Autumn highlights

Southern migrant hawker by Andy Frost

Water levels have been relatively high on parts of the Fen, and as of the end of August, various water bodies at Rymes Reedbed continue to attract a variety of bird and insect life.

Water levels have been relatively high on parts of the Fen, and as of the end of August, various water bodies at Rymes Reedbed continue to attract a variety of bird life (e.g. ducks, geese, waders and egrets), as well as feeding raptors, such as marsh harrier; on Burnham’s Mere, in Holme Fen, an osprey was seen hunting this month.

Other areas of the project area are very dry. While July was quite wet, a record high temperature of 37.3 oC was recorded at Corney's Farm.

Summer numbers of butterflies and dragonflies varied due to the wetter weather, unlike last summer, but species such as the peacock butterfly, willow emerald damselfly and ruddy darter dragonfly were very conspicuous in number.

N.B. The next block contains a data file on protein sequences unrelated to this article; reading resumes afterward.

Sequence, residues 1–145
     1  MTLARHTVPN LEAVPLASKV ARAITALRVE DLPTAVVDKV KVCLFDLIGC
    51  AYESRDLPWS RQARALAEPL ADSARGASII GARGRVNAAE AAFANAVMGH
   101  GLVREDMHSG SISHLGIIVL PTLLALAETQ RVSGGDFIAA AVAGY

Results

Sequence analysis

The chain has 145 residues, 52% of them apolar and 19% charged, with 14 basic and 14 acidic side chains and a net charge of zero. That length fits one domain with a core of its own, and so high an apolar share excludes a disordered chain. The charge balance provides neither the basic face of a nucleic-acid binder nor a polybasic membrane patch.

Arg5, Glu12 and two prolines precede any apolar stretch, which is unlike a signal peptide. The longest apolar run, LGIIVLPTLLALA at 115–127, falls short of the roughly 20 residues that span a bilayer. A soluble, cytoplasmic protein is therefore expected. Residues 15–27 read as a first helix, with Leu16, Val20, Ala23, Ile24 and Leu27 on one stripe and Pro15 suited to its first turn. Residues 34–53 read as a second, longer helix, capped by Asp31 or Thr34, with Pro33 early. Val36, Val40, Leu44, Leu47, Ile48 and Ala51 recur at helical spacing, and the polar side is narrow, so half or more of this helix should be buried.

The willow emerald damselfly was recorded in Holme Fen this year, in addition to the unusual records from Woodwalton Fen. A female was recorded at the eastern end of the Caldecote Dyke, near the northern tip of Burnham’s Mere.

Dragonflies and damselflies are highly mobile as adults and, therefore, easily disperse and colonise new areas, and so other species are likely to appear in the Great Fen in the coming years.

Like its relative, the migrant hawker, the southern migrant hawker is colonising England, and records from the south and east of the country are now being supplemented by much closer reports, including those from Cambridge itself, this August; look out for this species

Henry Stanier (Great Fen Monitoring and Research Officer)